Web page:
|Appears in Collections:||Communications, Media and Culture Journal Articles|
|Peer Review Status:||Refereed|
|Title:||Tax, war and waiting lists: The construction of national identity in newspaper coverage of general elections after devolution|
|Citation:||Dekavalla M (2010) Tax, war and waiting lists: The construction of national identity in newspaper coverage of general elections after devolution, Discourse and Society, 21 (6), pp. 638-654.|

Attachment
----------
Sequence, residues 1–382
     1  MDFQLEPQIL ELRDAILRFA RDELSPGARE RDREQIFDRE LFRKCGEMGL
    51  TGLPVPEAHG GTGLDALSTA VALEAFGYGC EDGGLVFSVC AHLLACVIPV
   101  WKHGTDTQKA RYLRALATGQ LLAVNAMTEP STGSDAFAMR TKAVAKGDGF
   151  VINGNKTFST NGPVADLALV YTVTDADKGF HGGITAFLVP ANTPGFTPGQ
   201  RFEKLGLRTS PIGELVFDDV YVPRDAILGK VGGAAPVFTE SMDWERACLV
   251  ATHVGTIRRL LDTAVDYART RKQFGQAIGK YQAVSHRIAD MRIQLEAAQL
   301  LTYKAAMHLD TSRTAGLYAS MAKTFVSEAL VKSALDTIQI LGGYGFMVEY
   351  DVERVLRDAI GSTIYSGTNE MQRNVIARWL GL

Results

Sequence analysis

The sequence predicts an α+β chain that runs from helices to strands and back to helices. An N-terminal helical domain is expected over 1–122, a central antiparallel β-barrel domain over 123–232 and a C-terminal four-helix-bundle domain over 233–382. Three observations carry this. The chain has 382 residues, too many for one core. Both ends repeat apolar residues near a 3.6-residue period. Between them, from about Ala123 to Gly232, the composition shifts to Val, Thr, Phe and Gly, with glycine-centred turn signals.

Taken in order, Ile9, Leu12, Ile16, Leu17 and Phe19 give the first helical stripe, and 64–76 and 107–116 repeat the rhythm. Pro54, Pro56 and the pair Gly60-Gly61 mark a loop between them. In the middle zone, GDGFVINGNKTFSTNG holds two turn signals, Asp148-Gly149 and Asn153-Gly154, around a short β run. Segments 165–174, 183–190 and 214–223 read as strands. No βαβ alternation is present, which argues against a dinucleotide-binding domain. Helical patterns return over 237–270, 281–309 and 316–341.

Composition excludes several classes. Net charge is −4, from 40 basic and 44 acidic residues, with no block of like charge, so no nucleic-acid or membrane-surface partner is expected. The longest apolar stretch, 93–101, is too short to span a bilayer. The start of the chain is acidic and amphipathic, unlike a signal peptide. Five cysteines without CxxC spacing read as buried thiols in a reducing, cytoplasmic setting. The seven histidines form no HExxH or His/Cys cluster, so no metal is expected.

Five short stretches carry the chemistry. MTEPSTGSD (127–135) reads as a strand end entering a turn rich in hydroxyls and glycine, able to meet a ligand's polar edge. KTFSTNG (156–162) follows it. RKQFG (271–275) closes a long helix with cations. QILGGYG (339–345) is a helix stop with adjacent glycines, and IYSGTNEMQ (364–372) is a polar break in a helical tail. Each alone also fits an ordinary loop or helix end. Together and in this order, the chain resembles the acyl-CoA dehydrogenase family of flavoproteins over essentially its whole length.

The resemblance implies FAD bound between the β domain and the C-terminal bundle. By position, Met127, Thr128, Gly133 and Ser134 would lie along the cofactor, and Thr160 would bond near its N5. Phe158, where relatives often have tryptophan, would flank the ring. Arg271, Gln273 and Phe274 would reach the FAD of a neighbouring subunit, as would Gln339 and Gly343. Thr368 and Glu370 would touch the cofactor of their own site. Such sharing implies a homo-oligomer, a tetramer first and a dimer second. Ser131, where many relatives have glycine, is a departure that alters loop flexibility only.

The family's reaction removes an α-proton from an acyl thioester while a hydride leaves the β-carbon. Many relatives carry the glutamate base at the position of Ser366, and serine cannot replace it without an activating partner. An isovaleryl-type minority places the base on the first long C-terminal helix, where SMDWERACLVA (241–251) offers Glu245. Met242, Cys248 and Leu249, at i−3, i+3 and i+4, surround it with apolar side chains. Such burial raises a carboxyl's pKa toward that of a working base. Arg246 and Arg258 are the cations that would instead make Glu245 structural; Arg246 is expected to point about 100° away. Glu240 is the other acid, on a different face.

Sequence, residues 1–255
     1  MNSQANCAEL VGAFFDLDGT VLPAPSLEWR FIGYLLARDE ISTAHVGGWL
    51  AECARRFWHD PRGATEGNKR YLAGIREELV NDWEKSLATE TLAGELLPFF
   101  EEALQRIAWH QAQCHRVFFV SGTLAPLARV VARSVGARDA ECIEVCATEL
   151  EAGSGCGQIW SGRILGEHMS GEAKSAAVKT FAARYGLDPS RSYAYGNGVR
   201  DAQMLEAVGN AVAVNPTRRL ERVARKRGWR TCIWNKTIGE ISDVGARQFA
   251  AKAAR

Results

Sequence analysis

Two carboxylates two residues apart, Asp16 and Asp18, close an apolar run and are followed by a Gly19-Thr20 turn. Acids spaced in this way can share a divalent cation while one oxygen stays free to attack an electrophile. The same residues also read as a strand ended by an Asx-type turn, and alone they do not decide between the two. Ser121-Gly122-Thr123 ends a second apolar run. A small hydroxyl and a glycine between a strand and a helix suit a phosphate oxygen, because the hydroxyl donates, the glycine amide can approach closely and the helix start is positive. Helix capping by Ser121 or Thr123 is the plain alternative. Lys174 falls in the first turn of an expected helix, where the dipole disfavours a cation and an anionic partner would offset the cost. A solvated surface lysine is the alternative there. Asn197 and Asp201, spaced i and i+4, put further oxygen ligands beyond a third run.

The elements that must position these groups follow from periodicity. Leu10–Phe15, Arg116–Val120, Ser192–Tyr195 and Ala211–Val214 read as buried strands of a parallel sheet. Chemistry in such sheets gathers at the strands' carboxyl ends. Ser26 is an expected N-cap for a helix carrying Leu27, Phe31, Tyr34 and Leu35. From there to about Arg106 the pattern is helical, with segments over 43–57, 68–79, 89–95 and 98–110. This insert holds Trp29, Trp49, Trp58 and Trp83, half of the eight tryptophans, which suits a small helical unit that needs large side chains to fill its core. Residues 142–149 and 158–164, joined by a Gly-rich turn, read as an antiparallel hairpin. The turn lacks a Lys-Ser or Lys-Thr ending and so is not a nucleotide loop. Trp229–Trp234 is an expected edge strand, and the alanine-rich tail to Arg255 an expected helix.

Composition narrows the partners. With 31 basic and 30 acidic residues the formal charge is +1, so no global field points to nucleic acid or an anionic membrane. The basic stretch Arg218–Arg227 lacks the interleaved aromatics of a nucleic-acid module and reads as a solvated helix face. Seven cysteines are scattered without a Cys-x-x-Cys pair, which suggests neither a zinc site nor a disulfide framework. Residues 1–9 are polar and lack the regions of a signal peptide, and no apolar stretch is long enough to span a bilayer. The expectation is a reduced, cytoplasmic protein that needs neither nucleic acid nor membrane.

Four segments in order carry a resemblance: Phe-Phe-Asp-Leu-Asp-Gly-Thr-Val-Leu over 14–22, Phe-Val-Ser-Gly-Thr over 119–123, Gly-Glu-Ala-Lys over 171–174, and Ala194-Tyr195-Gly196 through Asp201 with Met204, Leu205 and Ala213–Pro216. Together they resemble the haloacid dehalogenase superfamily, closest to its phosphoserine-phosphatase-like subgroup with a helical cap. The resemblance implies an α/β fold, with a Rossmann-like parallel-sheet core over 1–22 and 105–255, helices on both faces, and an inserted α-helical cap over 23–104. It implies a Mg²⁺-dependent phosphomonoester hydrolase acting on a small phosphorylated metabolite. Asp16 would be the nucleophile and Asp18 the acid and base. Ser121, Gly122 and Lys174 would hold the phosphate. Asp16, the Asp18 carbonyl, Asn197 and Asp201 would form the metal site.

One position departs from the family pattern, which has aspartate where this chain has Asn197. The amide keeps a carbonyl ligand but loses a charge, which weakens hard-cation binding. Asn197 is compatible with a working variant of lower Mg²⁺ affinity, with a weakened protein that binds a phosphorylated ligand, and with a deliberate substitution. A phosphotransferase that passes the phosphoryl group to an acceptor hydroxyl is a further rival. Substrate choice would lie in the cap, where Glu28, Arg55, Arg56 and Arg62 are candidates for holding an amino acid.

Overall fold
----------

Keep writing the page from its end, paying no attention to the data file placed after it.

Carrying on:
|Abstract:||This article explores the construction of national identity in the coverage of policy issues during the first two general elections after devolution, in Scottish and in English/UK daily morning newspapers. It focuses on a sample of the coverage of the most mentioned reserved and devolved issue in the 2001 and 2005 campaigns and examines the use of markers of location and deictic references to a national context. It finds that the distinction between reserved and devolved matters is not decisive in how these topics are constructed. The Scottish and English/UK coverage of the Iraq war, taxation and health debates at Westminster is relatively similar, written and presumed to be read in Britain. However, Scottish titles differentiate their output by constructing their readers as having little participation in these 'UK' issues, and by emphasizing the Scottish relevance of topics such as fiscal autonomy for Scotland and waiting lists at Scottish hospitals. Even in that coverage though, the relevant national context occasionally shifts between Scotland and Britain. By contrast, newspapers written in England consistently report from an Anglo-British perspective, making no allowance for the changes brought by devolution.|
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